Washing My Dead Body

 

When I die I want someone who loves me to wash my dead body. I don’t know much about it, but I know this is a tradition of some religions. Ok, I don’t really care if someone washes my dead body or not because I’ll be dead (I know my Mom is loving this article already). But I feel like this ritual would be a beautiful act of love and healing for those who are left behind. Instead we cake our dead bodies with makeup and our best outfits and allow people to come look at us. Such a sign of our culture, right? Instead of being faced with the reality of death, we try to make the dead look like they’re about to go to a dinner party. But I digress. 

My body is the beautiful home my soul resides in. So is yours. We deny its sacredness and treat it mechanically. I think much of this relationship to the body is a result of a culture that teaches us we need x servings of grains and x servings of fruit to live a balanced and healthy life. This is a flawed topic in and of itself. But again, I digress. I remember thinking at a young age that I could eat anything and survive. Nourishment wasn’t a part of my cousciousness. And so on top of a lack of understanding how to truly nourish our bodies we’re also taught to measure our bodies against the select few the media has chosen to call beautiful after they’ve photoshopped them into unnatural forms.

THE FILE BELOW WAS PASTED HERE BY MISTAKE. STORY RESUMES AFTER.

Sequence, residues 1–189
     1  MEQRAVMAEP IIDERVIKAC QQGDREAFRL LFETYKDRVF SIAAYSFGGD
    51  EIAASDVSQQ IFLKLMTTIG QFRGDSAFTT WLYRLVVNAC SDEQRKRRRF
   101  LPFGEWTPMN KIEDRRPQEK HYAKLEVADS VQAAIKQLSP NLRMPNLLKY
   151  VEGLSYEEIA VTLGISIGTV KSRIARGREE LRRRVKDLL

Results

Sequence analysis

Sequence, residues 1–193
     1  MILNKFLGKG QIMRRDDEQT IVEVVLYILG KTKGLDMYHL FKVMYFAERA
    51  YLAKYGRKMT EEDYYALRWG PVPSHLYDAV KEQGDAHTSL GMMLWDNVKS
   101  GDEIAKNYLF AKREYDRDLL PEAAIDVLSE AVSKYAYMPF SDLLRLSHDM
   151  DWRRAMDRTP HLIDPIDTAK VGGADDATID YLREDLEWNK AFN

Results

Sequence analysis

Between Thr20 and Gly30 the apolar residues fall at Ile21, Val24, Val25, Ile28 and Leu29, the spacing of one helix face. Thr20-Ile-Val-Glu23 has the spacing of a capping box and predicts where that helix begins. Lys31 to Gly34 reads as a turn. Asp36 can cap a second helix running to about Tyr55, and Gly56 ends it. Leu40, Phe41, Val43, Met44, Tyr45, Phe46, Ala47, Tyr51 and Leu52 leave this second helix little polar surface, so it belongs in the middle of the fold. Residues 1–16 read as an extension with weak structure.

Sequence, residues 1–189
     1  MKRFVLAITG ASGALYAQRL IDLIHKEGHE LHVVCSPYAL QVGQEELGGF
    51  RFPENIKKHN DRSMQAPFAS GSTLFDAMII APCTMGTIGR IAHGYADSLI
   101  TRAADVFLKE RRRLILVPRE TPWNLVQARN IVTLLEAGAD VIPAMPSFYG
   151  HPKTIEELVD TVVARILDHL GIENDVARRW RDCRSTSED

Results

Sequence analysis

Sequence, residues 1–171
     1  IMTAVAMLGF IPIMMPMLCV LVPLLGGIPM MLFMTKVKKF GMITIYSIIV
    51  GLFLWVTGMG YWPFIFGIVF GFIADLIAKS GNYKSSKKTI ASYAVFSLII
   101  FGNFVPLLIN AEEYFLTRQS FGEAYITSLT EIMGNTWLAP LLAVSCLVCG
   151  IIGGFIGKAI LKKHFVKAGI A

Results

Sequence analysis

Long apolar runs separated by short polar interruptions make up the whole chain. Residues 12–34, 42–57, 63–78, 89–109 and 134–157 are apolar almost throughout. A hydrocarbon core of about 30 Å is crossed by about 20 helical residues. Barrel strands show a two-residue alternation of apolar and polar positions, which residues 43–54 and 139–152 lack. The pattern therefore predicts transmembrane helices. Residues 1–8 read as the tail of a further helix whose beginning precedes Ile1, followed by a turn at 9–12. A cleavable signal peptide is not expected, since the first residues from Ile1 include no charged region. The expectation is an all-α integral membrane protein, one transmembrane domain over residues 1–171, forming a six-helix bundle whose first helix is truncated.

So yes, we’re all critical of our bodies in some way or another. When we look in the mirror we’re constantly evaluating ourselves. Do I approve of my appearance? We find small red bumps and quickly cover them with foundation to hide the truth that our body is communicating with us. We’re incapable of recognizing our cells transformations in each moment, but we suddenly notice a line that we don’t remember from before. Our hearts might sink in recognition that we are indeed aging. But isn’t it interesting that we feel despair rather than joy? 

I, for one, do not hope to go backward. Aging comes with so many benefits, but we focus on the side effect: the deterioration of our bodies. And it consumes us, and it becomes a part of the way we judge ourselves. And this is not just about aging, it’s about accepting. It’s the, “I need to lose 10 pounds.” Because what you’re really saying is, “I’m not good enough.” And you believe it. Because once you’ve lost those 10 pounds you’re going to say, “I need to lose 5 pounds.” or “Ugh, I have dark circles under my eyes.” 

So back to washing my dead body. We’ve all heard, “My body is my temple.” Our bodies are sacred, and so we wash our bodies to keep them sacred, clean, honored, pure. We do this on a daily basis, only our cleansing rituals have become habitual and unconscious. We furiously scrub our scalps with fruity chemicals and let our minds wonder off to tend to our to-do lists.

I have gotten into the habit of blessing my body while I shower. I hug myself and appreciate every inch of the body I am cleansing. I feel gratitude for the health of my body. If I notice blemishes on my skin I thank my body for telling me it’s off balance. I know I am aging, and I give thanks for the privelage to be able to do so. This is the body I was born with. It’s the one I will have until it perishes. I choose to love and accept it for exactly what it is in this moment. 

So the next time you notice yourself being critical of your body choose to stop and thank your body instead. Did your body wake up this morning? Thank you. Your body is a living vessle. It’s not here for you to contort and abuse. It’s here to serve you, and just like anyone who is of service, your body deserves to be loved and respected.